When a child is born to a married couple in North Carolina, the husband is generally presumed to be the child’s legal father. However, sometimes couples in North Carolina, who are unmarried, have a child together and later break up. When this happens, the custodial parent may want to seek child support from the noncustodial parent. However, in order to do so, paternity must be established. Establishing paternity is a means of identifying who is the child’s father for legal purposes.
Establishing Paternity: 2 Ways
One way to establish paternity is through genetic testing. Both the child’s mother and the alleged father, along with the child, will have a cheek swab performed. The swabs will then be sent to a lab to confirm whether the alleged father is the child’s biological parent.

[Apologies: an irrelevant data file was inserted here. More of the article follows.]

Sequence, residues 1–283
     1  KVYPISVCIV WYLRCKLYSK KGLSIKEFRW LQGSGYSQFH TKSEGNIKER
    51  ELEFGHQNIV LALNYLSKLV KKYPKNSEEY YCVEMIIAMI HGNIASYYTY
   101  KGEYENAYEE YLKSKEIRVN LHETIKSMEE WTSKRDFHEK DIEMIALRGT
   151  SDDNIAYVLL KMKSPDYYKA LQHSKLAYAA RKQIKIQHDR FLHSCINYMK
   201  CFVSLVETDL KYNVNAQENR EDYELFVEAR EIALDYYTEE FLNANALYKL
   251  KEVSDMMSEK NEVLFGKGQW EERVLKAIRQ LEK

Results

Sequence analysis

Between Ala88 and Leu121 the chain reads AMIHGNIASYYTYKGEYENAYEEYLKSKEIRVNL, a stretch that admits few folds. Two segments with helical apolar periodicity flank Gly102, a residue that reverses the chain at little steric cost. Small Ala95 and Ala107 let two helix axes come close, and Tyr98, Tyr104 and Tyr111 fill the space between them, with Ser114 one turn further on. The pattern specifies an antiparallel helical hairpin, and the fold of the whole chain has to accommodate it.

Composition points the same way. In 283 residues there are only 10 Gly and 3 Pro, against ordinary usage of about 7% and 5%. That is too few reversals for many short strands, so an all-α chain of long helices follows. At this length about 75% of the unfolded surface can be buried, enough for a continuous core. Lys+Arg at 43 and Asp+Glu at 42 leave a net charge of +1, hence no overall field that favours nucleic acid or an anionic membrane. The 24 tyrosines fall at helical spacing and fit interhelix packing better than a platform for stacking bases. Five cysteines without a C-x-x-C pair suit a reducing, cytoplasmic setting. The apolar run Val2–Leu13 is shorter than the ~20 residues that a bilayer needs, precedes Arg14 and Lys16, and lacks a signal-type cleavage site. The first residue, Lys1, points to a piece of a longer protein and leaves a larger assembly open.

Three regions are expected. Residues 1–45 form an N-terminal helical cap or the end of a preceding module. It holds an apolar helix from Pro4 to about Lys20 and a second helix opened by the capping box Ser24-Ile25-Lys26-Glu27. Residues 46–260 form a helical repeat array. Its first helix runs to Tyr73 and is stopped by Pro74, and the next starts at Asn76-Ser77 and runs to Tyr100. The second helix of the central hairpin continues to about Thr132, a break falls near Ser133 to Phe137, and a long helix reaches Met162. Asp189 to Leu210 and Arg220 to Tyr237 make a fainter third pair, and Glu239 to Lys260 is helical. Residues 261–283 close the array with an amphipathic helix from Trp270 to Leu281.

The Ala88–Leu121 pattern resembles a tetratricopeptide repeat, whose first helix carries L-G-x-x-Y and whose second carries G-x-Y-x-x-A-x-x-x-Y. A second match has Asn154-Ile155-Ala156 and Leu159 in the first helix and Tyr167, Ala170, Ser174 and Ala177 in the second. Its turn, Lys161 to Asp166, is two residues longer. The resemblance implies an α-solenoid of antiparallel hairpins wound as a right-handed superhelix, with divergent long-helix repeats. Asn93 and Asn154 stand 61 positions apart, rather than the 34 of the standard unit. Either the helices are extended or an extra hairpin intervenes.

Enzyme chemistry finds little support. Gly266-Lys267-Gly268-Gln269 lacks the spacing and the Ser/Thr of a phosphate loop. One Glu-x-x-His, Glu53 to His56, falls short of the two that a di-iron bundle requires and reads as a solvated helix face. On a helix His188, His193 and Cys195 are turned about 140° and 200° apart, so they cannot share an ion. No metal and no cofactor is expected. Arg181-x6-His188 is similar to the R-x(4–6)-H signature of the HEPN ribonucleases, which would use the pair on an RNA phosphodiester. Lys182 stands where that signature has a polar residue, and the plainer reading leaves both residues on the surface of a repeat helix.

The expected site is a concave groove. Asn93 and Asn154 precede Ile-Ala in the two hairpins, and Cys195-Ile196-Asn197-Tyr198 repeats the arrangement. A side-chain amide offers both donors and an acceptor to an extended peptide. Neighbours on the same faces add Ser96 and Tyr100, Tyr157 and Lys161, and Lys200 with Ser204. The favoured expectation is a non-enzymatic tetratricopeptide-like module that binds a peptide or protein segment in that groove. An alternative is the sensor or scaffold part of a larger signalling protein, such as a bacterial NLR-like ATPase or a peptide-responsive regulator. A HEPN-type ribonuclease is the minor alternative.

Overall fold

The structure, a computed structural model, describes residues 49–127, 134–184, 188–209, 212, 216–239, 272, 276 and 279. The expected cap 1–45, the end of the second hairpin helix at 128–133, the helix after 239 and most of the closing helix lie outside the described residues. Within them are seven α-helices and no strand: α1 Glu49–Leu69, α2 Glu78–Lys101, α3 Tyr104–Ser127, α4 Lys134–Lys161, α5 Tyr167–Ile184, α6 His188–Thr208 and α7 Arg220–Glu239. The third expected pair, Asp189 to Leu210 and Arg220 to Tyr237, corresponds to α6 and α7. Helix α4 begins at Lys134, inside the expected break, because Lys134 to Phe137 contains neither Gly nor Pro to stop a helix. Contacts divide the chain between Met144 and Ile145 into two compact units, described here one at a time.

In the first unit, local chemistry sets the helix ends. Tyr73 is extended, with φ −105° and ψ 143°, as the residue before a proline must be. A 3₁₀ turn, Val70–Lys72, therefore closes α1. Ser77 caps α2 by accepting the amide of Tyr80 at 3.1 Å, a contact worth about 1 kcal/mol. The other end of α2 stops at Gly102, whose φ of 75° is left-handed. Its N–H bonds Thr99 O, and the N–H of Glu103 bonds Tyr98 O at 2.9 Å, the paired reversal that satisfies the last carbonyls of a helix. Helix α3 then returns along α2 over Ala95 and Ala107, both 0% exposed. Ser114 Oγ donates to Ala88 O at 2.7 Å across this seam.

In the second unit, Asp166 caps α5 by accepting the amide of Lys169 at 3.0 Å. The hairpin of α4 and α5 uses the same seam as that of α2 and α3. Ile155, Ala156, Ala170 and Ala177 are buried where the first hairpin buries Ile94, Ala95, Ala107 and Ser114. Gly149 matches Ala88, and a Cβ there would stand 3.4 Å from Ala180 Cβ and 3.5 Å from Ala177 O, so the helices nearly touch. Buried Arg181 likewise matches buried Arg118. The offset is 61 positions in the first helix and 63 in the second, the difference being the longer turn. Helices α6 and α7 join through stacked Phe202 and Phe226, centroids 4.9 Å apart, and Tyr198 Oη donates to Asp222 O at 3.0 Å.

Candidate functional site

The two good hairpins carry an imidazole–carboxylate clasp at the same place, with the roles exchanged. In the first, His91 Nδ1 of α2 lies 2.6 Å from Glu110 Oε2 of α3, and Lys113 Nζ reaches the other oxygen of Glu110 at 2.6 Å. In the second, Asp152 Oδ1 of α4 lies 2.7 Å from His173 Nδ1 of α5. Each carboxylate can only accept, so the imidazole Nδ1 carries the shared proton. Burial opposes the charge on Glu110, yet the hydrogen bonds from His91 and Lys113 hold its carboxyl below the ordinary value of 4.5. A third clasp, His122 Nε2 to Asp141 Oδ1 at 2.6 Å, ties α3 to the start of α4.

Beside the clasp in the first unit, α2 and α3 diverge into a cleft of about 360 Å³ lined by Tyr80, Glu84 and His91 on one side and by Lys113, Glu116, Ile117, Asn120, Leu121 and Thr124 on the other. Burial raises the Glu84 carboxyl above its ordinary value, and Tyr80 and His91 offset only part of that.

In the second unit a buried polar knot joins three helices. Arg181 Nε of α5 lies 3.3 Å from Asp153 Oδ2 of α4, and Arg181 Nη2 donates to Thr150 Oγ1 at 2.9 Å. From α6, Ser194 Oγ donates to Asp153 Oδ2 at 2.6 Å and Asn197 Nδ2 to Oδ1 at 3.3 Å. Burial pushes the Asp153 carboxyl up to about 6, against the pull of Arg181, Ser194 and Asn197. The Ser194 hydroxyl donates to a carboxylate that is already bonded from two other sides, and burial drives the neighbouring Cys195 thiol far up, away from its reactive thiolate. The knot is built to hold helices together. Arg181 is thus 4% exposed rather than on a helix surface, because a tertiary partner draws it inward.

Another way to establish paternity is through an Affidavit of Parentage. This is a form in which both the child’s mother and the alleged father voluntarily acknowledge that the alleged father is the child’s biological father. This can be done at the hospital when the child is born or later at an area Child Support Services office.
Why Paternity Matters
Establishing paternity is important for several reasons. The child’s mother cannot pursue child support until paternity is established. Similarly, the child’s father cannot pursue child custody or visitation until paternity is established.
Perhaps most importantly, the child benefits from knowing who his or her father is for personal reasons, familial history and health purposes. Those in North Carolina who want to learn more about establishing paternity may want to seek professional guidance on the matter.